My therapist wife tells me how the pandemic has challenged the mental health of her clients. Her waiting list has lengthened as depression, drug abuse, and other ills have mounted. But I’m seeing another force emanating from the pandemic at work in individuals and churches, and it needs a name. We could call it spiritual inertia, but let’s use the traditional name: sloth.
It’s surprising how few people take sloth seriously. Probably because it’s so cozy. Reinhold Messner, one of the world’s greatest mountain climbers, has an interesting metaphor about that. He describes how in a high climb one of the great dangers is hypoxia â€“ not getting enough oxygen due to the thin atmosphere. The symptoms of hypoxia are hard to notice. Mountain climbers expect the shortness of breath they experience, but what they typically don’t expect or even notice is how their wills become listless. They slowly stop caring. Amid their light-headedness they become hard to arouse and vacant even when their lives are in danger. “Death by hypoxia,” writes Messner, “is a pleasant one.”
That’s what’s happening to some of us during this pandemic. Staying home from worship or bible study is a pleasant death. Yes, sometimes staying home is a wise precaution against contracting the virus. But let’s be honest; some of us stay home because it’s easier. Our spirits have sunken into the couch and muscling ourselves out isn’t something we’ve got the oomph for. “And after all,” sloth whispers, “what’s it matter if I don’t go?” That’s a virus in our spirit.
Sloth isn’t new for Americans. Our wealth and obsession with entertainment has made us a pretty flabby bunch. Our addiction to screens has immobilized us even further. Now comes the pandemic â€“ the perfect excuse to not rouse ourselves. (By the way, note how our government enabled our torpor by sending us extra unemployment benefits and rent subsidies. And we wonder why it’s been hard to find workers!)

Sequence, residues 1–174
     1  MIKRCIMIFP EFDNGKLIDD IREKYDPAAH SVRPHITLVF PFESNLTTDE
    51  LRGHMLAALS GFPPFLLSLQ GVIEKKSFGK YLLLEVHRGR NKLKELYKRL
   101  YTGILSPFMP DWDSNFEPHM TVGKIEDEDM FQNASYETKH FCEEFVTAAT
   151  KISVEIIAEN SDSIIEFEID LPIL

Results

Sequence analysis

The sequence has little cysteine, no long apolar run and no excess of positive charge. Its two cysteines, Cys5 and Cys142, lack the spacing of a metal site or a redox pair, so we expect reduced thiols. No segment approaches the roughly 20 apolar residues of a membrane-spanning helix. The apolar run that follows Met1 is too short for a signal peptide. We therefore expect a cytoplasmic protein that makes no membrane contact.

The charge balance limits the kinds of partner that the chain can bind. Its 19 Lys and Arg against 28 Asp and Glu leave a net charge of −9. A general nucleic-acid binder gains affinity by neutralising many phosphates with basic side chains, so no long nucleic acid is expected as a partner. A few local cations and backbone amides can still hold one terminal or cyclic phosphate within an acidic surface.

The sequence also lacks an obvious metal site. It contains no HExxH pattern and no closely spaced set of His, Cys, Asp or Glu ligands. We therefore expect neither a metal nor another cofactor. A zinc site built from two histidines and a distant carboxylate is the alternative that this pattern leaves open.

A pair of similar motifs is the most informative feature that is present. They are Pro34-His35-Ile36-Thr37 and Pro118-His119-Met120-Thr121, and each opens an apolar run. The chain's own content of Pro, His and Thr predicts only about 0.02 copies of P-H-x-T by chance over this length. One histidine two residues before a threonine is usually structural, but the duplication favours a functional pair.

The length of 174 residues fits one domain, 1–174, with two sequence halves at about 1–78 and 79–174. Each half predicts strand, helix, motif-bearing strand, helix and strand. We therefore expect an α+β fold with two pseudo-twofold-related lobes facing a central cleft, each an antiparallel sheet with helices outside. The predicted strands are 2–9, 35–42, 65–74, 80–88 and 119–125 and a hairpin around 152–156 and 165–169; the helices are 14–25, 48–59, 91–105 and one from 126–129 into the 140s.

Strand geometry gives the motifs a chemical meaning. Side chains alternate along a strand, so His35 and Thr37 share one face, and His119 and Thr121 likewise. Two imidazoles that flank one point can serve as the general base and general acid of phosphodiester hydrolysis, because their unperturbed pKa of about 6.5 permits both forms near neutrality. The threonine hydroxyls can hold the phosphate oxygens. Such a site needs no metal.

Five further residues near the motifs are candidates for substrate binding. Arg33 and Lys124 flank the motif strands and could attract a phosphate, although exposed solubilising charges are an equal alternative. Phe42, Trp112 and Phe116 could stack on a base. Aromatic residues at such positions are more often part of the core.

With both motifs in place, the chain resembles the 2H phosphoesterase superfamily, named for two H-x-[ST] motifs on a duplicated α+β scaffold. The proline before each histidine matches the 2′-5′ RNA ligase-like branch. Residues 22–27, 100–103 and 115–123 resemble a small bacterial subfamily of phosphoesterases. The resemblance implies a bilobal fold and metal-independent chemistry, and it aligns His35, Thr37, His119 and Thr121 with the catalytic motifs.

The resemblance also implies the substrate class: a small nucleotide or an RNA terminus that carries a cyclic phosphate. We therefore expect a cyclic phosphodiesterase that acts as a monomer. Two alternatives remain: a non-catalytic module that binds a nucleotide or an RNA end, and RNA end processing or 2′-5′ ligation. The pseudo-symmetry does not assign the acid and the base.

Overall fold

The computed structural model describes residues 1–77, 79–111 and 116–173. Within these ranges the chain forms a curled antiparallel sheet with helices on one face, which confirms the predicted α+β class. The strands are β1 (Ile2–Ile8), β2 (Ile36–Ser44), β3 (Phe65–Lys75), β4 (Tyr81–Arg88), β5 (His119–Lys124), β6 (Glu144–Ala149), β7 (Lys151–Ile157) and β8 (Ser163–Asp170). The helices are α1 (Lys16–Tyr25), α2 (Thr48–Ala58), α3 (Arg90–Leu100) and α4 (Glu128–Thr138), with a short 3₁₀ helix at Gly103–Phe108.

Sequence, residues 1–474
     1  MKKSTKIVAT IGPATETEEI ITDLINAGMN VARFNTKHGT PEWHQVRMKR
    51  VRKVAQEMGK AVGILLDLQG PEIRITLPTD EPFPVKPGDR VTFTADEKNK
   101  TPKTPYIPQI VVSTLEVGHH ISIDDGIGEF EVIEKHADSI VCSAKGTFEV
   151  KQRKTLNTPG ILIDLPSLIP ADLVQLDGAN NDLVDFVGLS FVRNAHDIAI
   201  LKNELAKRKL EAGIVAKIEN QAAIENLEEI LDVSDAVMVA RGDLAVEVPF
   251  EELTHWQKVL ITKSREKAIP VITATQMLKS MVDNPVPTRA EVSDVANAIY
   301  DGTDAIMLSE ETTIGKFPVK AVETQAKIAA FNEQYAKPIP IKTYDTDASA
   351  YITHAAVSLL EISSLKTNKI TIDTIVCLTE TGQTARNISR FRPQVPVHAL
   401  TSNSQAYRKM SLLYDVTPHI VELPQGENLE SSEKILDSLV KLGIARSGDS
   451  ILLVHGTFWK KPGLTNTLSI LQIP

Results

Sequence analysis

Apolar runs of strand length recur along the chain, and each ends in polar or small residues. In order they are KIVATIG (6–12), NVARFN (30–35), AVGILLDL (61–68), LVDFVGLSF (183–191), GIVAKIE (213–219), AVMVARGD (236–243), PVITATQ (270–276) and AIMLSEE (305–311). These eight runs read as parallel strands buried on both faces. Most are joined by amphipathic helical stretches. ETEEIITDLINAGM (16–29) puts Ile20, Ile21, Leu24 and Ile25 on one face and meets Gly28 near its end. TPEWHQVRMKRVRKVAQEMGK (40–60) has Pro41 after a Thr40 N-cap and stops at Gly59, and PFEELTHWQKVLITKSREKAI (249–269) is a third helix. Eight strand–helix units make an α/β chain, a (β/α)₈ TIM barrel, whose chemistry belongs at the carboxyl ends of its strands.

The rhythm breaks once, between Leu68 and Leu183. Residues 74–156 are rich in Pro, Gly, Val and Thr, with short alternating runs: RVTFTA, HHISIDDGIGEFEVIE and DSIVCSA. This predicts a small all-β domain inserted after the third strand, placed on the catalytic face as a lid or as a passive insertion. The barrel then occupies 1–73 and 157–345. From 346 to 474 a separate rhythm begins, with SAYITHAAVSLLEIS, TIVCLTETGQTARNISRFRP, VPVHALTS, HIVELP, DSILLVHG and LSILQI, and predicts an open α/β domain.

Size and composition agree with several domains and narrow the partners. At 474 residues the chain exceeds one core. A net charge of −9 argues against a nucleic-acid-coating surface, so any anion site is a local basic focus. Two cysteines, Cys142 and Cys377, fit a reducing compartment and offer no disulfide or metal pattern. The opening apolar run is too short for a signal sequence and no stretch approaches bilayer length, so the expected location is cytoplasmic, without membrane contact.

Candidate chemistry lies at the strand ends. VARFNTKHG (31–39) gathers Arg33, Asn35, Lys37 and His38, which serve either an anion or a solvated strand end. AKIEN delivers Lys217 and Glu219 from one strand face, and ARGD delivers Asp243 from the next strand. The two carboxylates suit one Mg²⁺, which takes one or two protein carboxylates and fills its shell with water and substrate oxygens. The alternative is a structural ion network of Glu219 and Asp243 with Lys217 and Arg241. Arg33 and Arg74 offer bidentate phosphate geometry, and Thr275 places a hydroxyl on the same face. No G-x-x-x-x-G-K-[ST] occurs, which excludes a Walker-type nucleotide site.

At its deepest level, sloth isn’t merely having a poor work ethic; it’s an inability to rouse oneself for the duties of a love relationship. I’ll personalize. This week I had Covid and, though my symptoms were mild, I watched three hours of TV each night. That was helpful at first, but as my lethargy continued, I found myself waking late and missing morning prayer several days in a row. “What’s it matter if I don’t pray?”
I’ll tell you why it matters: because love matters. If you want to understand how sloth affects individuals, look at someone who has a vibrant love relationship with God. They’re energetic, optimistic, and resilient. They’re living an inspired life. And if you want to understand how sloth affects churches, look at a church with a vibrant worship life. People at such a church literally run into the service (I’ve seen this) because they’re so eager to be in the Spirit worshipping God. How this delights God!
What’s the cure for sloth? The threshold of hell. See, sloth weakens our resolve to fight until we no longer resist our bad habits or our bad moods. We become our bad habits and our bad moods. And gradually the vibrant life of the kingdom seemsâ€¦. too draining, tooâ€¦ unrewarding. But it is a great grace when Jesus speaks His offensive word into that warm haze of deception: Narrow is the gate and hard the road that leads to life, and there are few who find it (Mt. 7:14).
Fight your sloth while you still have the energy to do so.